Marcelo Torcuato de Alvear
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|Marcelo T. de Alvear|
|President of Argentina|
October 12, 1922 – October 11, 1928
|Vice President||Elpidio González|
|Preceded by||Hipólito Yrigoyen|
|Succeeded by||Hipólito Yrigoyen|
October 4, 1868|
|Died||April 23, 1942
Don Torcuato, Buenos Aires
|Political party||Radical Civic Union|
|Relations||Torcuato de Alvear
Máximo Marcelo Torcuato de Alvear Pacheco (October 4, 1868 – March 23, 1942), better known as Marcelo T. de Alvear was an Argentine politician and President of Argentina October 12, 1922 to October 12, 1928.
Alvear was the son of Torcuato de Alvear, first Mayor of Buenos Aires. As a young man he was a successful sports shooter, winning an individual bronze and a team gold in the free pistol event in the 1903 World Championship held in Buenos Aires. He would receive a team silver in the 1904 edition in Lyon, France. He was the founder of Argentina's National Olympic Committee. As a politician he became the leader of the anti-personalistic faction of the centrist part of the Radical Civic Union (UCR) co-founded by Yrigoyen, opposed to some of president Hipólito Yrigoyen's policies. In contrast to Yrigoyen's popular style, Alvear belonged to the self-appointed "aristocracy" of Buenos Aires and never tried to hide it. He married opera singer Regina Pacini. In 1917, he was appointed Ambassador to France.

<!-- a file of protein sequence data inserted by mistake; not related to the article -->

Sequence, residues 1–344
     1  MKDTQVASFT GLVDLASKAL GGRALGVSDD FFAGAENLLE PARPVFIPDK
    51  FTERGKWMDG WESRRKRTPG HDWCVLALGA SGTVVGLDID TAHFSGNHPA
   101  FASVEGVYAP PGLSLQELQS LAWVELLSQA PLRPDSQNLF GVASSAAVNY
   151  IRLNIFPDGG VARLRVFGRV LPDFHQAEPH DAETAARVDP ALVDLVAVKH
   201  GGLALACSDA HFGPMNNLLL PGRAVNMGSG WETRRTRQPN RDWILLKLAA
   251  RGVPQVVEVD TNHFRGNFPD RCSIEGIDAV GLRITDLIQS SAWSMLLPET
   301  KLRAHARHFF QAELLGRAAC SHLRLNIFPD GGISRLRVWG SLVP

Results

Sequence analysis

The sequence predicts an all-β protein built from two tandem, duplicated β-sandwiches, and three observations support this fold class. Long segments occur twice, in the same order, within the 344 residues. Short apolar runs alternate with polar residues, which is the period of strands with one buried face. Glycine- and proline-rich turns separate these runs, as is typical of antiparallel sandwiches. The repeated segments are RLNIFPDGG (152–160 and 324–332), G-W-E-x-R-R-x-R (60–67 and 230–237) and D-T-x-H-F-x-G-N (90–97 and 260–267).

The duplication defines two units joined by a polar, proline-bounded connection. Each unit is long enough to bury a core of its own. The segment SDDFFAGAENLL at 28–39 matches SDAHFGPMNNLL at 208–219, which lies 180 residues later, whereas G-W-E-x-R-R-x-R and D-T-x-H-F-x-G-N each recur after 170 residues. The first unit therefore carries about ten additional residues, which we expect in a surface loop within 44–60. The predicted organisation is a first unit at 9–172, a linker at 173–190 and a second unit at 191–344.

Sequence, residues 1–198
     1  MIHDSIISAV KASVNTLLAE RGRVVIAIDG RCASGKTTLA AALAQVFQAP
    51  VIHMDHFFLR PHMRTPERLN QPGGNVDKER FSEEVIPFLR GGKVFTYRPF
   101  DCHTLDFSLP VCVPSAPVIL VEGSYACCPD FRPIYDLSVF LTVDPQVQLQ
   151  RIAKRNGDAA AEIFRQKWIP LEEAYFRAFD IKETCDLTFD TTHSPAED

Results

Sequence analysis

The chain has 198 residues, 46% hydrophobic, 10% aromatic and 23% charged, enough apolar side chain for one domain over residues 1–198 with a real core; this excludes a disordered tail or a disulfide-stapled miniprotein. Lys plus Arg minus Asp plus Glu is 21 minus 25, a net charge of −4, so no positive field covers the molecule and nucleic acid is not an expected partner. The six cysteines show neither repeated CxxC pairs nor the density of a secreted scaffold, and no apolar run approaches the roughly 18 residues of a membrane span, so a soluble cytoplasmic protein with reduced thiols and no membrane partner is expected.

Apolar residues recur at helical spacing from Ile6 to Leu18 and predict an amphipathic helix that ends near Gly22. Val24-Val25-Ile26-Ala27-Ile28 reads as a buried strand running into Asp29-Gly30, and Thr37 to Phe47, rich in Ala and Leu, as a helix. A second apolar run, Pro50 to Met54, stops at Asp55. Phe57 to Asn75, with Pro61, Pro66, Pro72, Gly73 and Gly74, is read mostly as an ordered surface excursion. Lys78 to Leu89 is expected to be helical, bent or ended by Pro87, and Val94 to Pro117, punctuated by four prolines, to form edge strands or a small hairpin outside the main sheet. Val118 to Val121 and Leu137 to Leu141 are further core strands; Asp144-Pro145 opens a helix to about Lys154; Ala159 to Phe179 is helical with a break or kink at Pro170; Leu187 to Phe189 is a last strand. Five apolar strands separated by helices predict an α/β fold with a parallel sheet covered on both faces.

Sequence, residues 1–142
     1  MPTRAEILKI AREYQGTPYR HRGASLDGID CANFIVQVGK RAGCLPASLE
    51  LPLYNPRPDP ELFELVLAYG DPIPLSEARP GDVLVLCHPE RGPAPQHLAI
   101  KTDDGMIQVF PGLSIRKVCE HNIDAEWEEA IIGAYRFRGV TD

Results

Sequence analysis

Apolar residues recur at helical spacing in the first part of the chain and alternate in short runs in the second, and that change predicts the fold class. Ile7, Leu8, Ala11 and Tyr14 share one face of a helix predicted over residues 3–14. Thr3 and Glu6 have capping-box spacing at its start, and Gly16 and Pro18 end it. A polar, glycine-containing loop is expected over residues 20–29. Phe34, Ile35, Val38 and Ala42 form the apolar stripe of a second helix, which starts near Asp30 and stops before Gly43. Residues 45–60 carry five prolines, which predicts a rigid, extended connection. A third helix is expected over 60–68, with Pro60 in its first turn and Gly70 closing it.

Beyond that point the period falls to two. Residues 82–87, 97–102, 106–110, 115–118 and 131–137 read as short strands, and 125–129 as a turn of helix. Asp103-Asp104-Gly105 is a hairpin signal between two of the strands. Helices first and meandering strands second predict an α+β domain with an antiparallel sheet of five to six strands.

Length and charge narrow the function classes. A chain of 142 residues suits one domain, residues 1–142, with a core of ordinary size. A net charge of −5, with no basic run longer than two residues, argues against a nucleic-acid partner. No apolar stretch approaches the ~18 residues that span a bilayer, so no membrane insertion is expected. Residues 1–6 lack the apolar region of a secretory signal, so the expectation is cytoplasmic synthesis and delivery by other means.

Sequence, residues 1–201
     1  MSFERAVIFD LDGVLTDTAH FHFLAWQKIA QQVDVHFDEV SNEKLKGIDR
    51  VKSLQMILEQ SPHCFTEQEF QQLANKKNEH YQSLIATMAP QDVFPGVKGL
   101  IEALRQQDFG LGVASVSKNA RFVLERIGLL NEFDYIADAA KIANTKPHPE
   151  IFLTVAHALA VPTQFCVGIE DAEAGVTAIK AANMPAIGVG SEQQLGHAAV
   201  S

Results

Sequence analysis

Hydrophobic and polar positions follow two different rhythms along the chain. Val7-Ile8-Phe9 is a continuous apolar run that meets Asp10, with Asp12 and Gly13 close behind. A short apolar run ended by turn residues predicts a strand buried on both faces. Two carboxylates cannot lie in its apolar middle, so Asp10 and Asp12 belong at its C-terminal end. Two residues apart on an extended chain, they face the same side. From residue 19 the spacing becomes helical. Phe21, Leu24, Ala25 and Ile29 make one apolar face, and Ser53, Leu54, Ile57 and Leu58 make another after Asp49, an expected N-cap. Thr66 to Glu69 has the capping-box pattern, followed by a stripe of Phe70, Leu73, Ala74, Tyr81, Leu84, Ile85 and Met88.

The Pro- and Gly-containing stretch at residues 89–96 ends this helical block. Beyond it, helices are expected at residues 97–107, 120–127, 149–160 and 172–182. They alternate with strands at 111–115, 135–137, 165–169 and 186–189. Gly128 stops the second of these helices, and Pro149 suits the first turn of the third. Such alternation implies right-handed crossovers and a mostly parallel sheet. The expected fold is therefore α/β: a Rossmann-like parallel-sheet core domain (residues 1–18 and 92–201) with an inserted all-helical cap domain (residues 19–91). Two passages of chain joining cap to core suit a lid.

In 1922, Argentina's president Hipólito Yrigoyen designated Alvear to be his successor. During his term, the economy of Argentina reached a peak performance, which would come to an abrupt halt due to the Great Depression shortly after his mandate ended.
After the coup against Yrigoyen on September 6, 1930, Alvear gained control of the party and led the unsuccessful opposition to the conservative governments that followed, including the failed revolution of 1932. As a result, he was arrested and deported to Europe. Securing an agreement to the effect from President Agustín Justo in 1935, Alvear returned to Argentina, whereby he became the UCR's nominee for the presidency. Encouraged by favorable results during mid-term elections in 1936, the UCR ran a vigorous campaign ahead of the 1937 presidential election. Breaking his word to Alvear, President Justo orchestrated what his own party's Governor of the Province of Buenos Aires labeled "one of the most fraudulent elections in history," and the UCR lost to Concordance Party candidate Roberto María Ortiz, the last Argentine President elected via the system of "Patriotic Fraud."
He died on March 23, 1942.
|President of Argentina
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